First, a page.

Thursday, May 18, 2006

First Impressions: New Super Mario Brothers

Title: This game easily has the most uninventive, boring title in the history of titles, but I guess none of the Mario games excels in this area. Does it have a plumber playing tennis? Call it MARIO TENNIS! Even so, they could have just called it Super Mario DS or something equally as functional. What are they going to do when the next game comes out? The New New Brothers? It sounds like a dance troupe on Vaudeville.

Music: Catchy, with a mix of new tunes, remixed old tunes, and old tunes exactly as they were in the older games. You can only do so much with nostalgia before it gets tiresome, and they walk the line pretty well.

Graphics: The game is a standard side-scroller so you never have to worry about stupid camera angles, but all the characters in the game have 3D models, so their animations are quite nice. Worlds are colourful and have style.

Cartridge Size: Smaller than a cat's paw. If I ever end up spying for the U.S. Government in some enemy country where I blend in with the natives, like Iran or Libya, I'll bring along my Nintendo DS and then encode the spy pictures on one of these cartridges. Customs will never notice a thing.

Controls: The game only uses two buttons: run/grab/shoot, and jump. There are two predefined mappings you can use to customize your controls. I found that my thumb was too weirdly positioned to feel comfortable in the default scheme -- it must be genetic. Mario jumps and skids exactly as he did in the original games, which may take some getting used to if you haven't taken a course in Mario Inertia recently.

It's Like X meets Y: This game is a combination of Super Mario Brothers 3 and Super Mario World. You progress through levels on an overhead map, often stopping to pick up items at Toad's Hut or unlocking secret paths. It really pulls the best from both of those games, so if you liked those, you'll like this.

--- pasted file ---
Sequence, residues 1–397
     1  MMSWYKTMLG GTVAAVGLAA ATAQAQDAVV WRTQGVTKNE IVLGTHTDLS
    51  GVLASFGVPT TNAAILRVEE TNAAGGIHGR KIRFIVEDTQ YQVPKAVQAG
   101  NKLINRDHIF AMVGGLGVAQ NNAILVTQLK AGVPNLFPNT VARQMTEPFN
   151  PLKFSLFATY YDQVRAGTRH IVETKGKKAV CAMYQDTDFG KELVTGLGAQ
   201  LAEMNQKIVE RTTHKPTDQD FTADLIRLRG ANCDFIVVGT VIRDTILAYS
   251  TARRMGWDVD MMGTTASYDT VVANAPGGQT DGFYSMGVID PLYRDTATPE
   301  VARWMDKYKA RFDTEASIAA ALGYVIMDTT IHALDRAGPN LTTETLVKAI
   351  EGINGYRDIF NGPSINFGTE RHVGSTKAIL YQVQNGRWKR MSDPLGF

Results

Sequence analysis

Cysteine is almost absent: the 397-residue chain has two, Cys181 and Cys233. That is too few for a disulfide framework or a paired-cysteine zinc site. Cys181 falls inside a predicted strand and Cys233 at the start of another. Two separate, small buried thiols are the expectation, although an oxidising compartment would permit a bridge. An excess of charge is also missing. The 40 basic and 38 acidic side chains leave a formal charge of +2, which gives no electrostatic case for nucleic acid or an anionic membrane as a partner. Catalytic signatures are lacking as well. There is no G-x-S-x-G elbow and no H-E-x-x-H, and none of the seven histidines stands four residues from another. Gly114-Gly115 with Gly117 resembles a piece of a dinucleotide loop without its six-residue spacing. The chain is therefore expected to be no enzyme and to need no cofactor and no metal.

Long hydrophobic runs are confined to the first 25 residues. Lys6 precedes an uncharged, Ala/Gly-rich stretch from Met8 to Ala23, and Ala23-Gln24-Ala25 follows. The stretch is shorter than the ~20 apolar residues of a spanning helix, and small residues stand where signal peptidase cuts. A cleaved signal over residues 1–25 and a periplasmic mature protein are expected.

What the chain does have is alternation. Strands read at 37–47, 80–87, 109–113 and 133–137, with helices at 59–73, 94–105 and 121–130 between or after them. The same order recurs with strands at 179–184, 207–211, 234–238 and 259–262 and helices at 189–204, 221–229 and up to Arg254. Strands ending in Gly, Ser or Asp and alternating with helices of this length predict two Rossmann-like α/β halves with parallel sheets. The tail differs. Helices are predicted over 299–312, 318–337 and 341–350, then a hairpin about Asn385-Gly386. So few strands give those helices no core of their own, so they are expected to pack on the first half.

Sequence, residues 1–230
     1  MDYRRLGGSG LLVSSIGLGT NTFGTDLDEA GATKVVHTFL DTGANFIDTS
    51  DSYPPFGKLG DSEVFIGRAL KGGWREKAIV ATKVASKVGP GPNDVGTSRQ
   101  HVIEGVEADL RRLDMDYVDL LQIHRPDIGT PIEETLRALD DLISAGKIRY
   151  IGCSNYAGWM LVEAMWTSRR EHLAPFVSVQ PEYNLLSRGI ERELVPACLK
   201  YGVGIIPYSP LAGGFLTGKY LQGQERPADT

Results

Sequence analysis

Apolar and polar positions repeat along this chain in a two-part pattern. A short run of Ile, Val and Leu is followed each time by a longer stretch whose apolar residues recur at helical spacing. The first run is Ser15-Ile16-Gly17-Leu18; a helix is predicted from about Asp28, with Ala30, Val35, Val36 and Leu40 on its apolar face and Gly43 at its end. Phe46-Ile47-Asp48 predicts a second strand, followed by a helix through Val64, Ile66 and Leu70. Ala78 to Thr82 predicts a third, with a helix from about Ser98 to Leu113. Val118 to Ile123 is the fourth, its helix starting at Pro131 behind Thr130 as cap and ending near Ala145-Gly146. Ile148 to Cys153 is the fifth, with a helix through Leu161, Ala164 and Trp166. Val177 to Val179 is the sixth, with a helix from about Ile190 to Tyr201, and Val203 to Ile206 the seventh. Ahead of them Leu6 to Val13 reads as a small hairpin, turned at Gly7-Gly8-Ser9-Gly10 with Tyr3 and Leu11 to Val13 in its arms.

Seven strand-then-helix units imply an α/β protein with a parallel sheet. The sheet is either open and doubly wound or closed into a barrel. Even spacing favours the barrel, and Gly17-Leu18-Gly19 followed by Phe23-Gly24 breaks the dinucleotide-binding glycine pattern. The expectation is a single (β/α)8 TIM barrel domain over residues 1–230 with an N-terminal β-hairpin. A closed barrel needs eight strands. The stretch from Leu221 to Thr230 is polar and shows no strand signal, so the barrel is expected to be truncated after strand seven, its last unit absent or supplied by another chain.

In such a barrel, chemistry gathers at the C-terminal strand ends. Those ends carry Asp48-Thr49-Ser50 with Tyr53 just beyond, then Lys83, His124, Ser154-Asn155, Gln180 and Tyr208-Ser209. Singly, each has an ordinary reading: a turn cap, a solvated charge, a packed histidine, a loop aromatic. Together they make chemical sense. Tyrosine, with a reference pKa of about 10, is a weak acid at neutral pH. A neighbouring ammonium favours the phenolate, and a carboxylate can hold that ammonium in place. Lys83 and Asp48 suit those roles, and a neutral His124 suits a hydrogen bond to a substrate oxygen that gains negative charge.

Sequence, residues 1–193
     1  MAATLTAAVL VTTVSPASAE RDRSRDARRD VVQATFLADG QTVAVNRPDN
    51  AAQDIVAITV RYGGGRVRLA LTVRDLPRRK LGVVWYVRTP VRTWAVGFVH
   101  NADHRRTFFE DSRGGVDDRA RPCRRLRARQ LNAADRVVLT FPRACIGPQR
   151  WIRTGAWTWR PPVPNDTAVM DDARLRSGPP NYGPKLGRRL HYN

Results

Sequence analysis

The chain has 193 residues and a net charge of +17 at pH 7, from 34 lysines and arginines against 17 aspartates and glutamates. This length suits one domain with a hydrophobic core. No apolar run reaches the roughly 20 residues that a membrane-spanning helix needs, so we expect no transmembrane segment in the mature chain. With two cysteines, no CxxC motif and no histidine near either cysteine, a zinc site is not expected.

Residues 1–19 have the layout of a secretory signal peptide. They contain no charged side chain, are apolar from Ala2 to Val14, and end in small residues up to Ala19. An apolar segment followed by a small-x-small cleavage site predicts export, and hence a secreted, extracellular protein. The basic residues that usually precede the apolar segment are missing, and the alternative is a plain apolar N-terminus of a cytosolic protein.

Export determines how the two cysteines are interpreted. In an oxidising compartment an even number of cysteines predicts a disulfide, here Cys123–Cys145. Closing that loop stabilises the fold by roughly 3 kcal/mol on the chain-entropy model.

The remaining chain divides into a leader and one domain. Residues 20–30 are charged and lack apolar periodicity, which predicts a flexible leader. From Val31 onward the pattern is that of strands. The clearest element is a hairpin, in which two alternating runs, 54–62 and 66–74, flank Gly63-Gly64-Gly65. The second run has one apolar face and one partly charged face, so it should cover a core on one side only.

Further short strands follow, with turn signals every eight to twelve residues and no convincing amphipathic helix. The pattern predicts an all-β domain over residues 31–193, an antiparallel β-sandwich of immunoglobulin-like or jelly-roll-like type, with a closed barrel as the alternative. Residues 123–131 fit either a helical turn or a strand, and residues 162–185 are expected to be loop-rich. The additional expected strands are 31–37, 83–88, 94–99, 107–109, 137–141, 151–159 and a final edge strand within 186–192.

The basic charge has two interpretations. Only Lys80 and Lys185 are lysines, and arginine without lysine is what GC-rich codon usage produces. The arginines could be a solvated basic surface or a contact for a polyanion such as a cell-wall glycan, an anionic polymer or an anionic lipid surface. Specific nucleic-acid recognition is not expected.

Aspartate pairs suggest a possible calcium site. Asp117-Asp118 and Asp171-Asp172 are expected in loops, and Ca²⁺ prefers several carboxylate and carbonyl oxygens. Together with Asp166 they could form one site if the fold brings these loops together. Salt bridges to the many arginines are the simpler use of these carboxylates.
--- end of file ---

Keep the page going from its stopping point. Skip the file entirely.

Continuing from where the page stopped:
Annoyance Factor: Most recent Mario games annoyed me because you had to replay every level multiple times to collect nine thousand doohickeys -- a horrible design decision to give the game some supposed replay value (don't even get me started on Zelda's golden skulltulas). This game retreats to the very basics from the good old days -- 100 coins gets you an extra life, 8 red coins gets you an extra life, or 5 star coins to open up a secret passage. It's not annoying in the least bit.

Difficulty: I breezed through to World 2 pretty quickly. It seems to be about as hard as Super Mario Brothers 3 was (which I thought was harder than Super Mario World), but rewards exploration and risk by giving you millions of extra lives. I already have 30 or so.

Power-Ups and Moves: All the original power-ups are here along with three gimmicky ones: Tiny Mario, Fatty Mario, and Shell Mario. Mario can also do a few later era moves like wall-jumping and that Mario Party favourite: the Ground Pound.

Price: $35. Not bad at all.

Worth It?: Yes, go buy it. Unless you don't own a Gameboy DS. Then it's only worth it if you enjoy carrying around tiny cartridges and pretending you're a giant.

Below you can watch a short video of how the game looks and sounds. If you have absolutely zero interest in video games, you can also check out our wide selection of movies on other topics, such as cats, and/or cats.

New Super Mario Brothers Gameplay (922KB WMV)
Ellen's Kitten, Charlie (3MB WMV)
The Great Escape (2MB WMV)

Sex for Water
Crime-Fighting Cat Now Trying Therapy
Pink Taco Restaurant Causes a Stir

tagged as reviews, games | permalink | 8 comments


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